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Klose retires from Germany duty

Germany news Aug 11, 2014
Read
May 13, 2014

Deschamps: Expect no shocks

Didier Deschamps has warned French football fans not to expect any surprises when he announces his provisional World Cup squad on Tuesday evening.

Didier Deschamps faces the press.
Didier Deschamps faces the press.

Johnson: Quarterfinals on?

Deschamps will name a 30-man selection on France's main news programme at around 20:00 CET.

Former France coach Raymond Domenech shocked the nation when he picked Pascal Chimbonda for the 2006 World Cup in Germany, raised eyebrows when he opted for the untested Bafetimbi Gomis ahead of Djibril Cisse for Euro 2008, and then surprised even Marc Planus himself when he called up the Bordeaux defender for the ill-fated trip to South Africa two years later.

Deschamps told RMC there would be no such jaw-dropping moments when he makes his initial squad public, which will feature seven standby players along with his first-choice 23.

"I'm not here to make surprises," he insisted. "That's the media's game. But I won't rule out the possibility of bringing in a player who has never been called up if he can bring something to the squad for the World Cup."

Potential first-time call-ups include Southampton's Morgan Schneiderlin, Montpellier's exciting attacking midfielder Remy Cabella and his teammate Benjamin Stambouli. Almost certainly missing will be Manchester City's Samir Nasri and stalwart defender Eric Abidal, who has been erratic in his first season at Monaco.

Though he has strenuously denied it on several occasions, Nasri, 26, has been singled out as a potential troublemaker within the squad, particularly following his tempestuous Euro 2012 where his verbal altercation with a journalist led to a three-game international ban and a year-long exile from the national side.

When Deschamps recalled him for a friendly in Belgium last August and then handed him a starting role in the first leg of France's playoff with Ukraine in November, the former Marseille and Arsenal midfielder was unable to produce anything like his club form for his country.

Deschamps explained form was not the only criteria on which he would base his choices.

"We're going to live together for six weeks. Some players, I don't know which ones yet, aren't going to play," he explained. "There are some who are only going to play a little. I have gone through that as a player. Okay, we had the success that everyone knows about in 1998, but it wasn't easy with certain players.

"Each day that goes by, when you don't play or only play a little, is not easy. But you can't have angels either, who say, 'Hello, thank you, everything's fine'. I don't want that a guy who doesn't play to be happy. It's normal that he's not happy. But it's always the collective interest that comes first."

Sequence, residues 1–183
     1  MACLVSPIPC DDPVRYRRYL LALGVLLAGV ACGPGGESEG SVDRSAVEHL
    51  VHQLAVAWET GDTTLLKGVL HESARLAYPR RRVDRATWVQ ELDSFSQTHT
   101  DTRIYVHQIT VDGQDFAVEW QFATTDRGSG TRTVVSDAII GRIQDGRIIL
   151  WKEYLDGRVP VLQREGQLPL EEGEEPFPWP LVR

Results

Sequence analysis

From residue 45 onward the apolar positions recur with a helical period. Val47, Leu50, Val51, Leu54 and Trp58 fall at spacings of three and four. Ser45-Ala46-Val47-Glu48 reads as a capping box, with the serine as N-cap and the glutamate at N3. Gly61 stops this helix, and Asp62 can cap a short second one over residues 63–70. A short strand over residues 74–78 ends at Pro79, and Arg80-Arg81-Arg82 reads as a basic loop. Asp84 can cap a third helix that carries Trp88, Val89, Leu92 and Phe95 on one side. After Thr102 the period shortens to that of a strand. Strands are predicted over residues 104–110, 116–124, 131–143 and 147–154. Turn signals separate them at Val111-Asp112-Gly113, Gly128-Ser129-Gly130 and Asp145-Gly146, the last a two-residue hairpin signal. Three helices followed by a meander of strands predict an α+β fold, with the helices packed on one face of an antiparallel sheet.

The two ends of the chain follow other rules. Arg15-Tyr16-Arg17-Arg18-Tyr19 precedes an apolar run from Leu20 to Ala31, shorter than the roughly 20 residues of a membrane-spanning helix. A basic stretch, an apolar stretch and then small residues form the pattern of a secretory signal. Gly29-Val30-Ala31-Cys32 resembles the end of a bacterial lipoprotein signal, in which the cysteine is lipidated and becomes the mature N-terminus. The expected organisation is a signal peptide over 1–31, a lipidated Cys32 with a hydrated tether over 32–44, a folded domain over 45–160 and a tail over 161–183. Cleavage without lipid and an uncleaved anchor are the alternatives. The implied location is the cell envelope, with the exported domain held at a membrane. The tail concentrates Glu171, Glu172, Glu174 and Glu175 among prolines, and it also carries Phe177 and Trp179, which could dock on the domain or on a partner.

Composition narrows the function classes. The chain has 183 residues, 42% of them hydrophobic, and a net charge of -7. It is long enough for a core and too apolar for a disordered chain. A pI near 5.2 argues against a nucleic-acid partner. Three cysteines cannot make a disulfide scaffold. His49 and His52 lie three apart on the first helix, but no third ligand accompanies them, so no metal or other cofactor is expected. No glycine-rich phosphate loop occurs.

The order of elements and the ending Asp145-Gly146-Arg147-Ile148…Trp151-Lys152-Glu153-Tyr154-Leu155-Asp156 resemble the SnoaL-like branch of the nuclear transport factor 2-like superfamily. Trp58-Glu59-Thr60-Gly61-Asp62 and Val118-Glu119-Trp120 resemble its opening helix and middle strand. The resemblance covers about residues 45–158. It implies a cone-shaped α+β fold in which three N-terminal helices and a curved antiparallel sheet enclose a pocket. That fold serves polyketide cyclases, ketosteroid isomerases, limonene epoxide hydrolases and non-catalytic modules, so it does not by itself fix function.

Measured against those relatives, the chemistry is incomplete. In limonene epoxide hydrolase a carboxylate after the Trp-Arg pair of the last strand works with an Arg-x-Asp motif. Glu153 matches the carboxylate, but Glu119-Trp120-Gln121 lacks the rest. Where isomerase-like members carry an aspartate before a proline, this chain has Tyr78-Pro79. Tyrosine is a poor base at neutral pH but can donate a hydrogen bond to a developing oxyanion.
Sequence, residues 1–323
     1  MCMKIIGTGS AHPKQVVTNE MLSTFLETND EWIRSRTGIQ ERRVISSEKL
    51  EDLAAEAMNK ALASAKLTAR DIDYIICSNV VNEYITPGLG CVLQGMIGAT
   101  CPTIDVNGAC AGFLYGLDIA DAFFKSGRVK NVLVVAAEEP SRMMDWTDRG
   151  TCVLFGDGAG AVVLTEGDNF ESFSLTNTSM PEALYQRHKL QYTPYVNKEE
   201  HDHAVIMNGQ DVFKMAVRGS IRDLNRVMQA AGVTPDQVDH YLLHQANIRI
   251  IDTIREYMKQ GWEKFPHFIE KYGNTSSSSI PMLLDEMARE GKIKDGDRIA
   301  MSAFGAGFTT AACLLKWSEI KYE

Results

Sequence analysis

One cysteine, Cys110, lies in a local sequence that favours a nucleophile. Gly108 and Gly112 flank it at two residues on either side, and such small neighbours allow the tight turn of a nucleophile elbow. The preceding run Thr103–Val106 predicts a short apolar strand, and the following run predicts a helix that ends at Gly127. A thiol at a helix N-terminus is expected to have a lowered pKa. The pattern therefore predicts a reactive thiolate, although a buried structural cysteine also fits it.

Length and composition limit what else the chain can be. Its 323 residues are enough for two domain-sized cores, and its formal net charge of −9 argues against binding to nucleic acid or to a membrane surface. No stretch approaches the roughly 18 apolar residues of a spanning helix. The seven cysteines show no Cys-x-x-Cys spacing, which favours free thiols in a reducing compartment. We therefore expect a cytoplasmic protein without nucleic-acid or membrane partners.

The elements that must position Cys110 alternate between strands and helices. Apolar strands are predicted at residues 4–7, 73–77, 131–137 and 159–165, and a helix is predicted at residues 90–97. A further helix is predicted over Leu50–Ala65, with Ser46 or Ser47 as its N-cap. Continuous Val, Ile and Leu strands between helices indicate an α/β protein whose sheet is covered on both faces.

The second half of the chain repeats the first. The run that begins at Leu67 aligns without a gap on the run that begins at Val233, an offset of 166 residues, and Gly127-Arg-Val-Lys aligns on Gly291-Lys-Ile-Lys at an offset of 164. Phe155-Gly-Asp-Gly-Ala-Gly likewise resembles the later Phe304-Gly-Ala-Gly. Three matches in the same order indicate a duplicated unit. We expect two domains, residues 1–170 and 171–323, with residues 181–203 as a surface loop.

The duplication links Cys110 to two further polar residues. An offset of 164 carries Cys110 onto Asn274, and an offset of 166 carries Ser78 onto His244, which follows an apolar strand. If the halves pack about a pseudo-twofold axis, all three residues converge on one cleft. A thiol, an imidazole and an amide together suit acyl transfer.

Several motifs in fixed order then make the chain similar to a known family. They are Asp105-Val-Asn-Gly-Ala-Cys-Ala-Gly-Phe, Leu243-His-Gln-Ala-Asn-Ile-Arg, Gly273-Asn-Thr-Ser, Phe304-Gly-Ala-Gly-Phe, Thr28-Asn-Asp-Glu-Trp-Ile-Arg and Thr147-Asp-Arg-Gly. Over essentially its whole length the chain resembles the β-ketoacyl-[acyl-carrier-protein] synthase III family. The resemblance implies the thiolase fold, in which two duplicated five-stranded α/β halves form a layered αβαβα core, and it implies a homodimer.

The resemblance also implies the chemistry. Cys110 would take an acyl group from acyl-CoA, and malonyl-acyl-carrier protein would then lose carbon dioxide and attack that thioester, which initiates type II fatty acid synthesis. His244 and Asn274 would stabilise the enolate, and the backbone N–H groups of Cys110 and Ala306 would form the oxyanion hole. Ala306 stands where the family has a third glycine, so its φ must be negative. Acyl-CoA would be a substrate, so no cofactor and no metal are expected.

Given the well-publicised disciplinary problems predecessor Laurent Blanc faced in Poland and Ukraine two years ago and the infamous end to the 2010 World Cup, including the unprecedented players' strike following Nicolas Anelka's exclusion from the squad, it is no surprise Deschamps is keen to place an emphasis on squad harmony.

That need will become all the more acute when the final 23-man squad, which has to be confirmed to FIFA by June 2, arrives at their base camp in Ribeirao Preto, north-east of Sao Paulo, on June 9. However, Deschamps insisted the squad -- unlike in previous tournaments -- would not be kept within the confines of their luxurious hotel.

"We need moments of tranquility and calm, but above all, to not cut ourselves off from the world," Les Bleus' 1998 World Cup-winning captain said, adding he hoped his players would not feed the media's desire for controversy.

"There's going to have to be things to talk about, debates. If we could avoid providing them, that would be a good thing. But we're not going to isolate ourselves. We'll open up. We'll go out. We'll organise ourselves in terms of the fans who'll be there. There are things to do. It's a very nice city."

Such actions would mark a sea change in attitude from previous tournaments, which have left the French public sceptical about the players' committment to the national team's cause. Deschamps believes the divide between the squad and the supporters has narrowed following the scenes he witnessed before and after his team's dramatic second-leg playoff win over Ukraine at the Stade de France.

"In the playoff, they experienced something strong between themselves. There was a connection between them and the fans. That was what sparked this atmosphere," said Deschamps, whose team had lost the first leg in Kiev 2-0 before triumphing 3-0 in the return. "To see people who believed in the team before the match was a driving force behind this team."

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